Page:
Red Wines To Pair With Veggie Dishes
Red wine is famous for pairing perfectly with red meat, game and rich, bold flavours. When looking for recommendations for dishes to pair with your favourite bottle of red, you’re unlikely to come across many veggie options. However, non-meat eaters needn’t miss out; there are many meat-free alternative meals to enjoy with a fine glass of Shiraz, Malbec or Pinot Noir.
Whether you’re vegan, vegetarian, pescatarian, flexitarian or just enjoy the odd meatless meal, here are some delicious wine pairing suggestions.
Cabernet Sauvignon is one of the most popular varieties of red wine grape. Grown and produced in various locations worldwide, this medium-bodied wine varies from bottle to bottle, although it is generally renowned for being rich and robust, with hints of dark fruits such as black cherry, plum and blackberry.
Pair this wine with rich, tomato-based dishes with a warming depth of flavours, such as a sour-dough base pizza with lashings of thick, rustic red sauce, mozzarella cheese and fresh basil leaves. The fatty, creamy texture of the mozzarella will balance out perfectly due to Cabernet Sauvignon’s tannic quality. Lentil ragu with rigatoni is equally complimentary of this deep purple-red wine.
A slightly sweeter wine with jammy, fruity notes, Zinfandel is light in colour yet bold of body. This captivating Californian wine variety is enjoyed for its ripe fruit flavours and high alcohol content.
The charred sweetness of a BBQ marinade compliments this wine exceptionally. Coat mushrooms, tofu, imitation meat or seitan in your favourite sticky BBQ glaze, grill to perfection, and savour with a room-temperature glass of bold, juicy Zinfandel. Considering its spiciness and lively acidity, Zinfandel also pairs well with sharp cheeses, such as mature cheddar or smoked gouda, due to their dense saltiness.
Shiraz is a tremendously revered dry, full-bodied wine with complex, earthy notes of black pepper, truffle and oak. The Shiraz grape is most commonly grown in warmer climates such as Australia and South Africa.
Savoury, umami flavours will bring out the sweetness of Shiraz whilst bolstering its earthy qualities. Pair it with wild mushrooms flavoured with garlic and fresh dill or thyme and served with fresh crusty bread. Cheese platters or vegetarian charcuterie boards with olives, sun-dried tomatoes and grilled artichokes will also compliment the bold, fruity flavours of Shiraz.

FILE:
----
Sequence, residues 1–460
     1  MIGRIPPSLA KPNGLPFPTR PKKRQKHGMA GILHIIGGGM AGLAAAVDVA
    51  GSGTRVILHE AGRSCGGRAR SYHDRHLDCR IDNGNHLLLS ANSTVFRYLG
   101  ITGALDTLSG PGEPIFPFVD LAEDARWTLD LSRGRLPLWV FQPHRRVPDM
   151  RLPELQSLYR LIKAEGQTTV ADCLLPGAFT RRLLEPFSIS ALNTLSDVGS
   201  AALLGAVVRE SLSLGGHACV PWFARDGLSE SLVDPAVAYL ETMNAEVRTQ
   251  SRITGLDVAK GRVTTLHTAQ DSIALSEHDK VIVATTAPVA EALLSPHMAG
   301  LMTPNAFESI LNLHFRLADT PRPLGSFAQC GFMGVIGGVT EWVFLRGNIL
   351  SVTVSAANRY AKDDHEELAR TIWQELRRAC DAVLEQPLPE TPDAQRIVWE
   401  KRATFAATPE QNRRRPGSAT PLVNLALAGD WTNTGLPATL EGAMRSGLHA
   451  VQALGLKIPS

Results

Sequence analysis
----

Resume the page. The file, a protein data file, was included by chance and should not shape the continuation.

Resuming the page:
Merlot has a complex range of flavours, with notes of herbs, blackberry and cocoa. Enjoyed as a drink on its own or with a meal, Merlot is an incredibly popular grape variety. Originally from the French region of Bordeaux, these dark-blue grapes are now grown in various locations worldwide.
Merlot is fruit-forward and pairs well with caramelised roasted vegetables and any combination of potato and cheese. Consider serving a glass of medium-bodied Merlot with decadent bleu cheese stuffed portobello mushrooms or a hearty mushroom bourguignon, which can be made *with *a healthy glug of the same wine for a rich depth of flavour.
Malbec, synonymous with Argentina, is famed for being full of body and deep in colour. Dark fruit flavours and a smokey finish make this wine similar to Cabernet Sauvignon but higher in alcohol than Merlot or Pinot Noir - some bottles contain up to 15% ABV.
Like most reds, Malbec traditionally pairs well with meat. For a veggie alternative, choose dishes high in protein with pulses, mushrooms and tofu. Homemade black bean chilli will compliment Mabec’s smoky tones, and any rich sauce poured over grilled aubergine will highlight a myriad of complex, vibrant flavours.
A dry, light to medium-bodied wine, Pinot Noir is slightly more acidic than most reds and contains aromas of cherry and stewed fruit. The thin-skinned Pinot Noir grape originates from Burgundy, France - a historically prosperous region responsible for some of the best single-varietal wines in the world.
Pinot Noir is perfect for light, seasonal dishes but can also be tremendously versatile depending on tannin levels. Summertime dishes pair well with this lighter variety of red. Risotto featuring asparagus, butternut squash and fennel will compliment the earthy, herbaceous nature of Pinot Noir. Flavours found in fresh, aromatic dishes such as pan-fried tofu with garlic and ginger often become lost when served with fuller-bodied reds but work harmoniously with this particular wine.